Friends University - Talisman Yearbook (Wichita, KS)

 - Class of 1922

Page 1 of 184


Friends University - Talisman Yearbook (Wichita, KS) online yearbook collection, 1922 Edition, Cover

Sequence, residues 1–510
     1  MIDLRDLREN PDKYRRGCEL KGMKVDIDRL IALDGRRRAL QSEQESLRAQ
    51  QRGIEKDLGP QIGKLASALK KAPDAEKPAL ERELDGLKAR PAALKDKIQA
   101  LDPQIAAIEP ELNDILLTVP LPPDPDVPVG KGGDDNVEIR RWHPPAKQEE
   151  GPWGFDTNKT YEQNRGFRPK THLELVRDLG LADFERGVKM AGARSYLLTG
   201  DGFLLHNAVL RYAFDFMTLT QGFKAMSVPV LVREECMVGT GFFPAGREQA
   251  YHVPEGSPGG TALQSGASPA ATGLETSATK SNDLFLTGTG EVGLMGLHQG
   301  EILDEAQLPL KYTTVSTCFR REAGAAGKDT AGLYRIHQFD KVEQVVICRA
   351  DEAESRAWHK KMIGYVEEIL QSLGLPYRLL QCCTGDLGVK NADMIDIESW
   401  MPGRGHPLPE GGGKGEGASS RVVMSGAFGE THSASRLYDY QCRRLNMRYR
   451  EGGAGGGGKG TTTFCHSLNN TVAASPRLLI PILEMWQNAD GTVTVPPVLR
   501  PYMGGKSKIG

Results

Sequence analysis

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Text from Pages 1 - 184 of the 1922 volume: